Paldhan, our driver, stopped the car by the edge of the serpentine road and said for the third time in the last half an hour of our journey, “Now drink as much water as you can.”
Though my stomach was already bloated with his previous two orders, I relented. From that height, the Indus valley and the town of Leh was spread, way down below in the South, as a patchwork of green strip surrounded by the mountains of Ladakh — stark and barren, as if some invisible hand has skinned them off. Only their snow covered peaks dazzled in the morning sun.
We started moving up the mountain again. A brown marmot peeped out from its hole by the crag of the mountain and I grappled for my camera. Soon, we ascended the snow line. It became white all around, and the road treacherously narrow and uneven.
Paldhan slowed down to snail’s pace to let a group of seven adventurous motorcyclists in their black leather jackets and trousers overtake us. The patter of the seven Enfields echoed across the mountain.
The riders waved at us while passing, their butts raised up the seats all the while to buffer off the bumpy road.
Our car went lugging up the jagged mountain road, like a drunkard aware of the consequence of a fall, for another 20 minutes. We reached the narrow flat of Khardung La — the high mountain pass.
Standing at 18,380 feet, as the signboard proclaims, we were at the highest motor-able road of the world. The small parking lot was filled with cars, bikes and army trucks. There was an exuberance buzzing around, of achieving some tell-able milestone of life. There was also caution. For, at that dizzy height, three tourists were being provided with oxygen supplement at the army’s medical camp.
Desert at the top
The road eases down after Khardung La, first in steep hairpins, then in more gradual bends. Thankfully, the road got smoother. At the small town of Diskit, we met the broad valley of Shyok river, and with it entered the Nubra Valley. We followed the river for some distance and then turned west across a broad arid flat to again ledge up the mountainside.
To our right, some 200 metres below the road was the vast sea of sand dunes of the Hunder Desert. A herd of Bactrian camels — those with two humps on their back instead of one — were crossing the sandy stretch, leaving behind a trail of footprints on the silken contour of the desert.
We came down to the level of the desert at Hunder village. This is a one-of-a-kind place. A desert at 10,000 feet above sea level, surrounded by craggy brown mountains with snow-covered peaks. It was afternoon. The sun had started to stretch the shadows of the dunes. Three of the four camels that provide joy rides to the tourists had escaped the previous night, and their owners, or captors, as the case might be, had gone in search of them. I could not help but feel a secret sense of joy and covertly wished those lovely desert animals freedom for life.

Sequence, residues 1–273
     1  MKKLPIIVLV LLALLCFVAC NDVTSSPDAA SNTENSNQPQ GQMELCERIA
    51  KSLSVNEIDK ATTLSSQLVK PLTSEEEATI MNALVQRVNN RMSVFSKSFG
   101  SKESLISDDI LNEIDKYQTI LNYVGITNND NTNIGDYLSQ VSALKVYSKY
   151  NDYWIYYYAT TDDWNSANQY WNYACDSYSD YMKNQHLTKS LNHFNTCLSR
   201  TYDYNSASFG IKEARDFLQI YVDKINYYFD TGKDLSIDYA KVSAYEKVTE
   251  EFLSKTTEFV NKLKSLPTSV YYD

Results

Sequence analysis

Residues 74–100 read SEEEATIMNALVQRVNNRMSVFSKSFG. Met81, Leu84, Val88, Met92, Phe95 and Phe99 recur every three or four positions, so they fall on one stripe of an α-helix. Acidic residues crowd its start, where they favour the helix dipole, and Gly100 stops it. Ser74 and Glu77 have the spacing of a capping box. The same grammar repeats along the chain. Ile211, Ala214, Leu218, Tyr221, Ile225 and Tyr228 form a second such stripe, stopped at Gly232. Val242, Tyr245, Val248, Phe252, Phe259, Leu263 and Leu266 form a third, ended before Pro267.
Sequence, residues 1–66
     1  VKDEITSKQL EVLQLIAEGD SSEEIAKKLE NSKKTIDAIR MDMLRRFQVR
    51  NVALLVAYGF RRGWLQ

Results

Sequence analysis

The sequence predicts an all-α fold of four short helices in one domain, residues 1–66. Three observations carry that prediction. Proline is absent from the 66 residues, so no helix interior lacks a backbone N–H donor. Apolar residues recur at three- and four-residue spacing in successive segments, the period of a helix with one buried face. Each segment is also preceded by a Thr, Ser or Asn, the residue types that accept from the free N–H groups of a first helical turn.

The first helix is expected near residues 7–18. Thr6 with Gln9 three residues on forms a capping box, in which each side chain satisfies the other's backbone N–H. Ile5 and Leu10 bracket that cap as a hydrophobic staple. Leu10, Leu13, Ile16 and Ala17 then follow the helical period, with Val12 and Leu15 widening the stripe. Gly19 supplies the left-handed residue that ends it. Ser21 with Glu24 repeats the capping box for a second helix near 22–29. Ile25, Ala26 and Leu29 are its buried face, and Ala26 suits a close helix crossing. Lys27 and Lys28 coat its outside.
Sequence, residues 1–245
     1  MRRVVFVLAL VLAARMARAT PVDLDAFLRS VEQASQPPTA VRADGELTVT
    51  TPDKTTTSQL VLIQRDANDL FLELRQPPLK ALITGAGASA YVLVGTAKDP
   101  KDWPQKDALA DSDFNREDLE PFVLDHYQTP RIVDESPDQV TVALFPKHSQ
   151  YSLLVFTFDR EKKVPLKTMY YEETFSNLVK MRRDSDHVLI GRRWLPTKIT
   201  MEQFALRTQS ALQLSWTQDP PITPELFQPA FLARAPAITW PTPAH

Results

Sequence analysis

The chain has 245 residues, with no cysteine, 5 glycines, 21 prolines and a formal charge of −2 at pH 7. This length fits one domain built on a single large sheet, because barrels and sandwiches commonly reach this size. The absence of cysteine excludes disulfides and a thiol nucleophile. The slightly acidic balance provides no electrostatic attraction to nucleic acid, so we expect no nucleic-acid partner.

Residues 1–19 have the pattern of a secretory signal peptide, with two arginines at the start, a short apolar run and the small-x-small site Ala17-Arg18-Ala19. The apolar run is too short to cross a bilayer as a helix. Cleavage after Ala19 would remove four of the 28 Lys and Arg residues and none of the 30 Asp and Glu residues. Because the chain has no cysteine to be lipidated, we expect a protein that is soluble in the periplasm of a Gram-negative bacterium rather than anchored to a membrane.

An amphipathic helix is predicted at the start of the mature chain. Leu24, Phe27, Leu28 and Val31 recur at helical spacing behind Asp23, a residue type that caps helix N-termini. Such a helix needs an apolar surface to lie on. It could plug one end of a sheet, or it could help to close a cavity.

Battle of hues
We left the desert for greener pasture. Our tent in the Nubra Valley was amid an orchard of apple and apricot at the edge of a tiny village. The villagers cultivate paddy and barley, grow vegetables, work in the barn and pray at the local Buddhist monastery. There is no electricity. Life is simple, without ostentation.
But there is remarkable richness in the way these villagers go about. I ventured out on the narrow village road, a quarter of which was also shared by a gentle flowing mountain stream — the main source of water for the village. In the whole of Ladakh, village communities grow around such mountain streams that are somewhere free-flowing, somewhere channelised.
A village elder was coming the other way. He smiled at me, nodded his head and said, “Julay.” “Julay,” I responded. It is the equivalent of Namaskara, I had learnt. At the bend of the road, two teenage girls appeared, and again, “Julay,” they greeted me smilingly. I was pleasantly surprised.
I walked past the village. The road opened up to green paddy fields. Fed by the two rivers, Nubra and Shyok, over relatively flat topography, Nubra Valley is among the few places in Ladakh suitable for agriculture over large tracts.
And this is what makes Nubra so fascinating. For, at the far end of the swaying green expanse, the signature-brown Ladakhi mountains soar up to touch the sky with their snow crest.
Creating a green-brown-white spectrum over the canvas. Near to me on to my right, a long-beaked hoopoe was dancing among the branches of a poplar, its spotted tuft swinging like a pompom at the flap of its wings. The little fellow evaded my camera every time I tried to focus.
But its live performance was worth a king’s ransom. In the background, the fields and the mountains stood still. The serenity was pervading. Like the Buddha in the monastery.